Bestselling romance novelist Nicholas Sparks is currently being sued by Saul Benjamin, the former headmaster at the Epiphany School, a faith-based prep school founded by the author in 2006, for allegedly creating a hostile work environment. The trial kicked off earlier this week and, like Sparks’ paperbacks, it’s already proving to be quite melodramatic.
“I have been asked to tell the whole truth, not just part of the truth,” Sparks testified yesterday, before ripping into Benjamin by accusing him of “weaponizing” his private emails, specifically the ones where he disparaged LGBTQ people.
Earlier this summer, leaked emails showed that in 2013, Sparks ordered Benjamin to ban an LGBTQ student group and then threatened at least two teachers with termination for defending the students’ right to meet up after school. When Benjamin told Sparks that banning the group was discriminatory, the author replied: “Not allowing them to have a club is NOT discrimination.”
In another email, Sparks suggested banning all forms of student protest after two lesbian students planned to come out during chapel services. When Benjamin refused to do so, Sparks accused him of secretly authorizing an “official School LGBT club” which “some perceive as an agenda that strives to make homosexuality open and accepted.”
In another set of emails, which are just as offensive but have gotten far less attention, Sparks made racist comments about African Americans, claiming that the lack of any Black students at his school had less to do with racist school policies (or, in his words, “vestiges of Jim Crow”) and more to do with African-Americans being “too poor and can’t do the academic work.”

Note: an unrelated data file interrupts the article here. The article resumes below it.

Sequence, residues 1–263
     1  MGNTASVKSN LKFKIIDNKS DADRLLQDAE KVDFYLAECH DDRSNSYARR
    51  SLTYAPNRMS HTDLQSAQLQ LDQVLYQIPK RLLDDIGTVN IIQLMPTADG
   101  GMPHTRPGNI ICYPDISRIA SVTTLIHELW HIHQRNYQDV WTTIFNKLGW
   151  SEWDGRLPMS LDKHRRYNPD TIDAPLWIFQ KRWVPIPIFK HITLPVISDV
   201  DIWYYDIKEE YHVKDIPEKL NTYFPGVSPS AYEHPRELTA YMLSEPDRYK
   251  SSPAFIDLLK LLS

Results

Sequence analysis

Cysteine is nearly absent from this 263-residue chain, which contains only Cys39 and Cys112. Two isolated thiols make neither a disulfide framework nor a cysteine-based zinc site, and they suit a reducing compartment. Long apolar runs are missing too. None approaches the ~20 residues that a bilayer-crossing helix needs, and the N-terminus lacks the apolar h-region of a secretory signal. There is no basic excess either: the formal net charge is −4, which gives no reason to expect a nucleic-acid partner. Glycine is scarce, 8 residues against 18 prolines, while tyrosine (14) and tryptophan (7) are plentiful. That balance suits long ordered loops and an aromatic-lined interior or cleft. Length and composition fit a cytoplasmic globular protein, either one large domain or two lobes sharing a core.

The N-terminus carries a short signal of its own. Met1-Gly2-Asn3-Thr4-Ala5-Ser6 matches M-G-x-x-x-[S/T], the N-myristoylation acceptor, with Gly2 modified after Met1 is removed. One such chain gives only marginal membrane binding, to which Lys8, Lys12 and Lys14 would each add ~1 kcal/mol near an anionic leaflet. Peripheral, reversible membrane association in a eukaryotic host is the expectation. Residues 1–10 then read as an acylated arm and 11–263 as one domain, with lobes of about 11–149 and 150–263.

Benjamin eventually resigned as headmaster, saying he could no longer stand Sparks’ bigotry, and is now suing for roughly $600,000, the remaining balance of his contract.
During his testimony this week, Sparks said he resented his private emails being leaked, saying they portrayed him as a bigot and a homophobe when he insists he is anything but.
“Personally, I’m for gay marriage, gay adoption,” he said.
Shortly after the emails leaked, Sparks issued an apology on Facebook that read: “I regret and apologize that mine have potentially hurt young people and members of the LGBTQ community, including my friends and colleagues in that community.”
He went on to say that he is “an unequivocal supporter of gay marriage, gay adoption, and equal employment rights and would never want to discourage any young person or adult from embracing who they are.”
Sparks has yet to acknowledge the racist remarks he also made the emails, specifically his claims that about Black kids being too poor and too dumb to attend his school.